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Jenpet Realty Co. v. J.B. Ardlin Inc.

New Jersey Superior Court, Appellate Division


Decided: October 28, 1970.

JENPET REALTY CO., INC., A CORPORATION OF NEW JERSEY, AND PETER J. PETRIZZO, PLAINTIFFS-APPELLANTS,
v.
J.B. ARDLIN, INC., A CORPORATION OF NEW JERSEY, DEFENDANT-RESPONDENT

Kilkenny, Halpern and Lane.

Per Curiam

[112 NJSuper Page 80] Plaintiffs appeal from a judgment of the Law Division in favor of defendant, upholding a variance

[112 NJSuper Page 81]

recommended by the Zoning Board of Adjustment and approved by the Mayor and Council of the City of Garfield.

The variance would allow defendant property owner to erect a garden-type apartment building with 38 apartments and two offices in a heavy industrial zone, designated as "I" zone under the zoning ordinance.

The heavy industrial zone in this area is about 2000 feet in length running north and south, and about 400 feet in width running in an east-west direction, bounded on the west by the railroad and on the east by Midland Avenue.

The land in issue consists of two lots, slightly less than one acre in area, somewhat irregular in shape and of uneven gradation, located at the intersection of Midland and Van Winkle Avenues, almost in the center of the heavy industrial zone.

On the easterly side of Midland Avenue, immediately across from the subject property, is the beginning of a medium density residential area, the only permitted use from that point southward. Van Winkle Avenue is zoned primarily for low and medium residential use, with only the area in which the subject property is located zoned for industrial use. On the western border of the property are the tracks of Erie Railroad Company, across which is an area zoned for light manufacturing.

Approximately 25% of the property in the industrial district is being used for residences. There is a public school within 200 feet of the property in issue.

Plaintiff, an adjoining property owner whose land is used for warehousing and as a trucking terminal, objected to defendant's application for the variance. However, the variance was recommended and thereafter granted. The Law Division sustained the variance, as noted above.

In recommending the variance, the zoning board of adjustment found, among other things, that (1) because of the property's unique location and the status of the surrounding neighborhood, the proposed use was "particularly

[112 NJSuper Page 82]

suitable" and "will not be detrimental to the public good," (2) "the proposed use will be in harmony with the intent and purpose of the Zoning Ordinance of the City of Garfield."

Plaintiffs maintain that a zoning ordinance may prohibit a residential use in an industrial district. This is true. Cf. Kozesnik v. Montgomery Tp. , 24 N.J. 154 (1957), wherein the court said (at 169) "* * * homes are no more appropriate in an industrial district than industry in a residential one. In both situations the baleful influences upon residences are the same. Moreover, industry may prefer to avoid the frictions which ensue when discordant uses are side by side." The municipal welfare may be "better served by avoiding motley activities within its districts." Ibid. See, too, Gruber v. Raritan Tp. , 73 N.J. Super. 120, 129 (App. Div. 1962). "The question is one of reasonableness under the circumstances." Ibid.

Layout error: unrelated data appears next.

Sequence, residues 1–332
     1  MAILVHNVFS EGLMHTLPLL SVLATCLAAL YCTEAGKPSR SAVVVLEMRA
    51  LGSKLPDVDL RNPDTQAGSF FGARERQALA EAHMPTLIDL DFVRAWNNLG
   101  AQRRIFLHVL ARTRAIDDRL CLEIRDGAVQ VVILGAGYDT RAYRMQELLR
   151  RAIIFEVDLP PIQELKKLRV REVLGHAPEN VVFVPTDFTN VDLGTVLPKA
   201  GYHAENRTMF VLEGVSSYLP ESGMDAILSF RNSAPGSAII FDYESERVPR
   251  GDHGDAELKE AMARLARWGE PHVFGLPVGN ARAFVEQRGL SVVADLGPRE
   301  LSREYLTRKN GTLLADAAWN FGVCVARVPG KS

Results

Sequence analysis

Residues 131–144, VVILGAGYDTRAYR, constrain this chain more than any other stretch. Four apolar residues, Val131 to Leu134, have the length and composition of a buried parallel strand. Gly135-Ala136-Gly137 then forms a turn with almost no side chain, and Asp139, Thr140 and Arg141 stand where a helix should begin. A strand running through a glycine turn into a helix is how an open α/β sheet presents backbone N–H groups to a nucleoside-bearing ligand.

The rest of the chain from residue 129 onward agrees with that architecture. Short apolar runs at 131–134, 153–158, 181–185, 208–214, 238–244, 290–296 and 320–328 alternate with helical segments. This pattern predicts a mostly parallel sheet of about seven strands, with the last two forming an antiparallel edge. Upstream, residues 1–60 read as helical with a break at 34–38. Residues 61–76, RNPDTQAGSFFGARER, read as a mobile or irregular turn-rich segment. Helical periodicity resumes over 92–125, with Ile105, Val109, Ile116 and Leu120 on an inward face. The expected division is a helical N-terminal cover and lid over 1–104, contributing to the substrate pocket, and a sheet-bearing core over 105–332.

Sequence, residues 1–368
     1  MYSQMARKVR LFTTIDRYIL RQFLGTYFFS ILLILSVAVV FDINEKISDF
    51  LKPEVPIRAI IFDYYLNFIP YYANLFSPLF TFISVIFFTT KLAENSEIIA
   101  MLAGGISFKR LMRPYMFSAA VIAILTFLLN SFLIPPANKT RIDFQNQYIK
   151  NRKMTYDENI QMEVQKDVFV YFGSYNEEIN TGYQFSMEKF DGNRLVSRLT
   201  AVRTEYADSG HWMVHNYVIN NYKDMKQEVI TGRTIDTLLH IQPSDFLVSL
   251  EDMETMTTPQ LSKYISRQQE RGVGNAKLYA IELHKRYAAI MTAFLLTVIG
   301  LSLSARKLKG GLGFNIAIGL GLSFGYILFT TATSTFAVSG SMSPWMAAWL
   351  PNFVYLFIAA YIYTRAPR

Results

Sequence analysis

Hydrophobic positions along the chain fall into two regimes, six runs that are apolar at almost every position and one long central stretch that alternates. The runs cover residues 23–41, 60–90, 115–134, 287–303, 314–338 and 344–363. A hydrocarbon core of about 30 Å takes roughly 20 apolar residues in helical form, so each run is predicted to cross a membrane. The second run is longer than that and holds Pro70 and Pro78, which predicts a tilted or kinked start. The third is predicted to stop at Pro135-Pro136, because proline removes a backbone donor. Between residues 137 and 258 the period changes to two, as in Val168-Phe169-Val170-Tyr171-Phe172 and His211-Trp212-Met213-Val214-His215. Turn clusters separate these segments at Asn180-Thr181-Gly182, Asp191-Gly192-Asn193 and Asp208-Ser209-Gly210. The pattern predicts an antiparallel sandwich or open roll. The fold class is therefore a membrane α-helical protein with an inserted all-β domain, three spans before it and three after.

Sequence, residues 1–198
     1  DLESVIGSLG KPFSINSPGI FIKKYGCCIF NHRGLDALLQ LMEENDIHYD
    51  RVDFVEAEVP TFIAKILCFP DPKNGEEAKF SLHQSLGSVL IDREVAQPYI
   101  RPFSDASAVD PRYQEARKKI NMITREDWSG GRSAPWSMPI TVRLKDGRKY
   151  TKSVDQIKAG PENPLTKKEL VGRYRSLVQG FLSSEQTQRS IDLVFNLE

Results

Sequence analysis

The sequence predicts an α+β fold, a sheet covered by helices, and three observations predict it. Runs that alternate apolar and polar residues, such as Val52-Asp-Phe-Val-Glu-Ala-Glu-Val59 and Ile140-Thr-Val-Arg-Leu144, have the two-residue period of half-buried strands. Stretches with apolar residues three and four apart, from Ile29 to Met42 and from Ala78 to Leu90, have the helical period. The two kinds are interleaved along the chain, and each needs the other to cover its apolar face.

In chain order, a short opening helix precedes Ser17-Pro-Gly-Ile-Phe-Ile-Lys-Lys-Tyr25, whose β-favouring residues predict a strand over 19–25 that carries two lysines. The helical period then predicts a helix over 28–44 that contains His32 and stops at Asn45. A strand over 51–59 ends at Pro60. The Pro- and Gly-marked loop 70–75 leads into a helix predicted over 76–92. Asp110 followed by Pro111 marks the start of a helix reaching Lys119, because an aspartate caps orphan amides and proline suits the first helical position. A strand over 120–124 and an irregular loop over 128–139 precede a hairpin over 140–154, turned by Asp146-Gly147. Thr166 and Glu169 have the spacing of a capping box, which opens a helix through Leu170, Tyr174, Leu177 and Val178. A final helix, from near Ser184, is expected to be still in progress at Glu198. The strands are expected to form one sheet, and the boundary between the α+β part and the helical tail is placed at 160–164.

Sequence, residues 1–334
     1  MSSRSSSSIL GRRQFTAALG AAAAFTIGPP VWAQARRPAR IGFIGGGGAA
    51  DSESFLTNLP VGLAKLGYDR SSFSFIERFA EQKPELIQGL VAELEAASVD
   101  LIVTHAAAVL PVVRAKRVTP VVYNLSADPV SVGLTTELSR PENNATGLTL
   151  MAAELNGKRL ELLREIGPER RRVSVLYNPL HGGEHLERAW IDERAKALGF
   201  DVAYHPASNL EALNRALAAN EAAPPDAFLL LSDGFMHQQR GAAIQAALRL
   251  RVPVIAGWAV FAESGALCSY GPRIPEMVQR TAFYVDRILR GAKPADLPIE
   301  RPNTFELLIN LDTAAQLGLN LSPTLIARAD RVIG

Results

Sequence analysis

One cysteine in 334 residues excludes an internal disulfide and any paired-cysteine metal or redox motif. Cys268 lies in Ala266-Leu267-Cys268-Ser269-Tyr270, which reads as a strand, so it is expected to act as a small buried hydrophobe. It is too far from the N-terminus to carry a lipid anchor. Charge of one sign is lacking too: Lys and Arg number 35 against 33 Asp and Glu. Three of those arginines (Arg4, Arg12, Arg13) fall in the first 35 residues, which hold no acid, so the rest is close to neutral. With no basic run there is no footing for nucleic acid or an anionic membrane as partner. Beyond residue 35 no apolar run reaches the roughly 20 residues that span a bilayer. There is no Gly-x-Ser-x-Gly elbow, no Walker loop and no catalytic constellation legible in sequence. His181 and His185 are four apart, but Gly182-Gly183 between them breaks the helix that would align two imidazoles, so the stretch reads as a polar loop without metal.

The allowance of a variance to permit in a particuuar zone a use not sanctioned in that zone may not be bottomed on the fact simply that it is (1) a "higher use," e.g. , a fine residence, rather than a factory, or (2) more profitable or more advantageous to the property owner, e.g. , a gasoline station rather than a one-family home. Moreover, a more liberal municipal ordinance may not deviate from or lessen the requirements of the statute as to the grant of a variance. The ordinance provision herein dispensing with the need of a showing of "special reasons" is not valid. Our Zoning Act specifies the grounds upon which a variance may be allowed. N.J.S.A. 40:55-39. Thus, the statute refers to cases where enforcement would cause "undue hardship" to the property owner. No such claim is made here. In fact, this plot can be sold for and converted to an industrial use. The statute also permits the grant of a variance for "special reasons." That is the ground asserted for the requested variance herein.

Does the construction of a garden-type apartment complex to house 38 family units, on less than an acre of land

[112 NJSuper Page 83]

in the center of a heavy industrial zone, constitute a "special reason" for the grant of a "variance," within the statutory meaning of "special reasons"? Does the fact that the subject plot of ground is within and near the center of the industrial zone alter the situation? Does the proximity of the particular plot to a residential zone or a school, or the existence of some limited other nonconforming residential uses in this industrial zone, legally justify issuance of a variance to add still another unpermitted use? These are the questions before us.